As someone who helps create materials for the training and development industry, I spend a good deal of time thinking about personal development. Not only do I want to maximize the learning and growth of the end-users of our products—people who take DiSC® assessments, participate in classroom training sessions, or read our soon-to-be-published leadership book—but I want to challenge myself to do the same. Why does personal development matter so much to me? Honestly, it just feels good, doesn’t it?
As a young girl, I loved learning for the sake of learning. I devoured books by the stack, set up a “science museum” with my brother in our basement, and relished special educational opportunities like the creative writing workshop I attended as a fourth-grader. In high school, I was involved in many extra-curriculars and took courses in psychology and political science at a local college. And, I started to appreciate the power of being on the other end of the development process—I began to coach children in a summer track and field program, and I was hooked. I loved seeing the looks on the kids’ faces when they ran faster than they thought they could or landed a personal best in the long jump.
In college, I spent two summers teaching in a college-prep writing program for high school students, and I found it similarly gratifying to help teenagers put together cohesive arguments and discover the joy of poetry. When I graduated in 1999 with an English degree and a desire to explore the U.S., I had very little idea what exactly I wanted to be when I grew up, but I knew that I wanted to help people live more satisfying, healthy, and productive lives.
At first glance, my professional resume looks a bit erratic, but a common thread ties it all together: a strong interest in human development. I’ve edited books on coaching youth sports, helped to create coaching curriculum, and served as the head coach of a collegiate athletic team. I helped to start an NCAA CHAMPS/Life Skills program on a college campus, directed YMCA leadership programs for college students, and taught life-saving skills for the American Red Cross.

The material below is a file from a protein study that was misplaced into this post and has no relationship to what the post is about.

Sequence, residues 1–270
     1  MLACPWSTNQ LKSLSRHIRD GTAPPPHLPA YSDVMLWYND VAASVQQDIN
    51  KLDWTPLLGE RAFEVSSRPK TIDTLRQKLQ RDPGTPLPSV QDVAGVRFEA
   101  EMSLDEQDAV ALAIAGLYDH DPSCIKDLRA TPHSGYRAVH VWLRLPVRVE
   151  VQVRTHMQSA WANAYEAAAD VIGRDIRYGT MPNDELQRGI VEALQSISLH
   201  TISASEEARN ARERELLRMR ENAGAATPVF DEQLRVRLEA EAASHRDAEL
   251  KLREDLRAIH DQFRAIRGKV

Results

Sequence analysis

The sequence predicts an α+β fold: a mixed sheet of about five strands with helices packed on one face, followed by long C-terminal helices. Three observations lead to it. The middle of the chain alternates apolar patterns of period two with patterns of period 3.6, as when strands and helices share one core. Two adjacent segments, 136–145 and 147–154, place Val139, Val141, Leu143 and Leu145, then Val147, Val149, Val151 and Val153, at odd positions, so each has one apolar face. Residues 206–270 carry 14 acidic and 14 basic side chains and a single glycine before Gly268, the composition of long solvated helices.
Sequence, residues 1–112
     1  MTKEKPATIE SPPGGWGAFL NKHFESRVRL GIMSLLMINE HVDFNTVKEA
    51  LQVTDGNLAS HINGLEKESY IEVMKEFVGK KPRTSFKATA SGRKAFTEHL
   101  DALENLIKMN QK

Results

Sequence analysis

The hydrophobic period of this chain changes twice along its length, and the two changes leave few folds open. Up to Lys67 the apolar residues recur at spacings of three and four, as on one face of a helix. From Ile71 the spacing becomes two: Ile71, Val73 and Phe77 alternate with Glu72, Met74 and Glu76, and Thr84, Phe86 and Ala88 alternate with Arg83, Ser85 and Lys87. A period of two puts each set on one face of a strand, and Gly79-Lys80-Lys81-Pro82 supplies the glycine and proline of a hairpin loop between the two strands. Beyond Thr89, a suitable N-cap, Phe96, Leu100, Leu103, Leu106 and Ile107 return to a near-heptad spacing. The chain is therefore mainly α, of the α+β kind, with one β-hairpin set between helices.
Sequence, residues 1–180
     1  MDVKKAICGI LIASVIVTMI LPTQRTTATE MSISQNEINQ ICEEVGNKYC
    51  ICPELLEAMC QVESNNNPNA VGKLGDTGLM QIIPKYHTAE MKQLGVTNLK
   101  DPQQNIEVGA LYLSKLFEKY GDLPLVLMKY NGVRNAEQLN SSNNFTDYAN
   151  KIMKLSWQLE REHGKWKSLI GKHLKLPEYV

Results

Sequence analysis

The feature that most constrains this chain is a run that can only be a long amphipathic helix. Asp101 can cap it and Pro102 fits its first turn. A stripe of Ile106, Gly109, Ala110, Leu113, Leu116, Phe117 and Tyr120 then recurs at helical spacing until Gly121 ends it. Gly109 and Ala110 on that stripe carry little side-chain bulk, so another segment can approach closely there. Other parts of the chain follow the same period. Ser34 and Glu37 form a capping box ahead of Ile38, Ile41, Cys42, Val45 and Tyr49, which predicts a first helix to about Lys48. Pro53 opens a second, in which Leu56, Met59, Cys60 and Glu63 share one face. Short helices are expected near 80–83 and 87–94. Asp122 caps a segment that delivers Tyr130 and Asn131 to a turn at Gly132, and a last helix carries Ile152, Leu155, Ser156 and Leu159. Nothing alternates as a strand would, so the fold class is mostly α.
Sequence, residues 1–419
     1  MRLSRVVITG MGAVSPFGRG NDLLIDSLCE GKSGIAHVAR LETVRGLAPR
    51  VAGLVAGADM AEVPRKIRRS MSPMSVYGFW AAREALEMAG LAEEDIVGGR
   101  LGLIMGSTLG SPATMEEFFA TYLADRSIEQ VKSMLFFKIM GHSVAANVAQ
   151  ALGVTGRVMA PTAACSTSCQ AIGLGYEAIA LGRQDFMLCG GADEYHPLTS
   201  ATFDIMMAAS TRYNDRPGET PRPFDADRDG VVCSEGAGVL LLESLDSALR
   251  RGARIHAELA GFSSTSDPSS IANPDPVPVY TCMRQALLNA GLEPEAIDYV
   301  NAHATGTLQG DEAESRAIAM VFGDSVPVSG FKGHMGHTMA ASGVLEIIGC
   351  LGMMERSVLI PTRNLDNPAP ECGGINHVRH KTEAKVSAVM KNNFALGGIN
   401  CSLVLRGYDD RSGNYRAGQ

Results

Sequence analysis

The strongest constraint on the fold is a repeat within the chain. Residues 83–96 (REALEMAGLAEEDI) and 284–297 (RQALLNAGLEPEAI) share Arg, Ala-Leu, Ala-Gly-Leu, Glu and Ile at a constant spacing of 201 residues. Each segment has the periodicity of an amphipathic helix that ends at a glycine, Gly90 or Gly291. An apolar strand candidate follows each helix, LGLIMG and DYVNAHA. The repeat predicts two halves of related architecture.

My current position as senior writer and product developer at Inscape Publishing involves creating a variety of products based on the DiSC model of human behavior. I feel pride in the work my team does because more than one million people learn from our products each year. Because we build tools that help people work more effectively together, our work directly impacts workplace dynamics around the U.S. and, in fact, the world.
I’ve been busy, but I haven’t neglected my own personal development along the way. In the past few years, I’ve challenged myself to learn more about parenting, yoga, writing, social media, and relationships. And you know what? That same love of learning that fueled me in my youth is alive and well. It keeps me moving forward in my personal life and my professional life, and that momentum—that positive feeling that pushes me to want to learn more—is why personal development matters to me.
Why does personal development matter to you?